27 July 2014

Reading Women

Sometime in February, after an online discussion with a friend, I made a decision to read only female authors in 2014.  I’m about six months into my pledge, and while I’ve made a three exceptions (to read works by colleagues of mine and the book I was giving away for World Book Night 2014), it’s been pretty eye-opening.  The whole point of reading women exclusively was to draw attention to my choices, my own attention, certainly.  But perhaps yours, too.

Women make up approximately fifty percent of the world’s population, and yet even in a nation with as much opportunity as the United States, female authors are not on equal footing with their male counterparts.  These charts by VIDA show the disparity in many mainstream literary journals as well as some journals who have a more balanced record of publication for 2013.

What’s the big deal?  The publication of women in literary journals is not going to solve world hunger, say, or create world peace, right?  But what happens when diverse voices are not heard?  What happens when those voices are blocked out, or go unacknowledged, or are silenced altogether?  What happens when books are banned, or even worse, burned?  We can collectively agree that burning books accompanies the darkest times in human history, that much besides knowledge is lost when idealogues like the Taliban or the Nazis determine what is appropriate.  But there are other ways in which voices are silenced, too, and they are more insidious, and therefore, we are less likely to recognize their danger.

With forces like these at work, we have responsibilities to seek out other perspectives, and we should also be called to answer (not just ask) what is lost when voices are silenced?  What might I learn, about my world and about myself, if I took a year to read women only?  And so I chose to read women’s stories, poems, and nonfiction. 

At first, in some small way, it seemed stifling to limit myself.  There are so many wonderful stories out there in the world, I bargained, why limit yourself?  As an English major in college, so much of my reading had been dictated.  I wanted to choose for myself!  And yet, as the months went on, my choices seemed to grow.  Books that I’d had in my to-read lists for years seemed to bubble, finally, to the top.  I found myself taking a chance on a book simply because it had been written by a woman.  I sought new writers and began to pay more attention to gender in other areas of life.  I’ve read some fantastic books this year, many that shook my world in some way – enlightening, disturbing, enraging, inspiring.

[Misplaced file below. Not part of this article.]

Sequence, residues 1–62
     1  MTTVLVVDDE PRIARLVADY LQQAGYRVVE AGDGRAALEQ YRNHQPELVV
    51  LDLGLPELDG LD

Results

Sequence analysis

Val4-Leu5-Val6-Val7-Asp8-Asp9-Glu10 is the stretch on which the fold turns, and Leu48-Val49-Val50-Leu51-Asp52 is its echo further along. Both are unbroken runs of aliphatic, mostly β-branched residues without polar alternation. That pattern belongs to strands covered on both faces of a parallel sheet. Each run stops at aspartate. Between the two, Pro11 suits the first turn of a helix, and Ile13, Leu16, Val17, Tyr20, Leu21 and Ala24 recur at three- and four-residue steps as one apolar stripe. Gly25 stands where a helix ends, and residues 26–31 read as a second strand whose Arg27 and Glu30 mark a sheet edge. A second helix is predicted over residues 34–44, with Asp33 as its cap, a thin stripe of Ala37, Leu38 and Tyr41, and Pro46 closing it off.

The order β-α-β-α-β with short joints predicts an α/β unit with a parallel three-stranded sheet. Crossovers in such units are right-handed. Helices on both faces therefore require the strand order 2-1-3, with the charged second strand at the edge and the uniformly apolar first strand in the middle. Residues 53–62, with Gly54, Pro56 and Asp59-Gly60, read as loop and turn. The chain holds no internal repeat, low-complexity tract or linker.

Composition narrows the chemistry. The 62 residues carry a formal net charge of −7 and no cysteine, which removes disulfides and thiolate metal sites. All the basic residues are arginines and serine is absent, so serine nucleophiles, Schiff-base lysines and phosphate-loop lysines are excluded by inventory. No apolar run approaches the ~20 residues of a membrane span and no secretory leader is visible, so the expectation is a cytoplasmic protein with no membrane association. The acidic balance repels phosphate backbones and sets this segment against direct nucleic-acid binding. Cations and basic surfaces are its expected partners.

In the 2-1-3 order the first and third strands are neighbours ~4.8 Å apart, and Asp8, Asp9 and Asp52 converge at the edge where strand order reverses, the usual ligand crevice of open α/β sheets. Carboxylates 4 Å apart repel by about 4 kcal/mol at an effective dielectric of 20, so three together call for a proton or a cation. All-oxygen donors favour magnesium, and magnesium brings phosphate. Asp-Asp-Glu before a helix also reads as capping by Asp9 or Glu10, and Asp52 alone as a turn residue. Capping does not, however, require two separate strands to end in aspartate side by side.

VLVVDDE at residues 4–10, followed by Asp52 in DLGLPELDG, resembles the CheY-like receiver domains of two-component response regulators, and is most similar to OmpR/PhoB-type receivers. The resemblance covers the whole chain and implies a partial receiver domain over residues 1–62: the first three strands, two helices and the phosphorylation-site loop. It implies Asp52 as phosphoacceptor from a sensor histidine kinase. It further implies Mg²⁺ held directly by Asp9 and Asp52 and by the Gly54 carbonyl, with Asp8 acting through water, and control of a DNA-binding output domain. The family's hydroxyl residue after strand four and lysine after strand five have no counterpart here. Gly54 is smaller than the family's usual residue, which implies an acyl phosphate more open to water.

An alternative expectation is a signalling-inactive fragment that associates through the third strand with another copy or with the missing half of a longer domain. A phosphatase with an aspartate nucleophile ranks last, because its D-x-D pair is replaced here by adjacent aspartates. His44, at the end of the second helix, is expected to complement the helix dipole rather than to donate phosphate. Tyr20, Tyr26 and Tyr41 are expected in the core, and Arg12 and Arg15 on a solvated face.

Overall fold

Already I am considering ideas for another reading challenge for 2015:  Americans only?  Works in translation only?  Men only?  By choosing to tune into specific voices, I began to hear them.  It seems obvious, but it is only when we choose to listen that we can truly hear the stories that are being told, and in doing so we see connections that have always been there.  There is true wisdom to be gained by seeing from perspectives that are different from our own, different from what is typically presented to us, and making choices that allow other voices to be heard.

14 July 2014


If you haven’t yet read I Am Malala, the powerful memoir of Malala Yousafzai, I urge you to do so.  July 12, her birthday, has been proclaimed Malala Day.  This year she turned seventeen, and I wish her the happiest of days and a long, productive life, inshallah.  On 9 October 2012, Malala was shot, along with two of her friends, by a Talib who intended to kill her as a warning to girls seeking education.  Fortunately, she survived and recovered, and has become an international leader intent on razing the roadblocks that prevent females from reaching their potential.  You can hear her speech to the United Nations here.

Across the globe, girls struggle to become educated, sometimes due to political and cultural issues, sometimes due to poverty, or lack of trained teachers or lack of matierals.  In Malala’s hometown, her father was a prominent educator who bucked tradition by celebrating the birth of his daughter, and then further insisted on opening a school for girls where Malala and her classmates thrived and challenged one another to reach their goals.  Their drive and desire to learn was not stopped by threats of death and acts of violence.  Malala’s father was once asked why his daughter was so strong, what had he done that had given her such strength?  His answer was that he did not clip her wings.

What lessons can we take from the story of Malala and her father?  How can we do the same, not only for one another but also for ourselves?  How can we avoid having our wings clipped, when the most pernicious threat is ourselves?  In what ways do we permit our passions and goals to fall into shadow because they are too bold, too dangerous, too ‘out there’?  How can we find our way when we don’t know the path or where no path exists?  Illuminate your way with beacons like Malala, and never forget that reaching the mountain top is only ever done with small, steady steps.

08 July 2014

Summer Storm

It’s awfully dark
for mid-afternoon,
the sun’s power
muted by a dull
grey.  The strength
of the storm
has moved on,
grumbles of thunder
carelessly tossed over
its shoulders as
it exits the valley.
Birds dart and swoop
again, dodging raindrops.
Syncopated drips score
the window, open
to admit the chilled
breeze perfumed with
bruised mint and basil.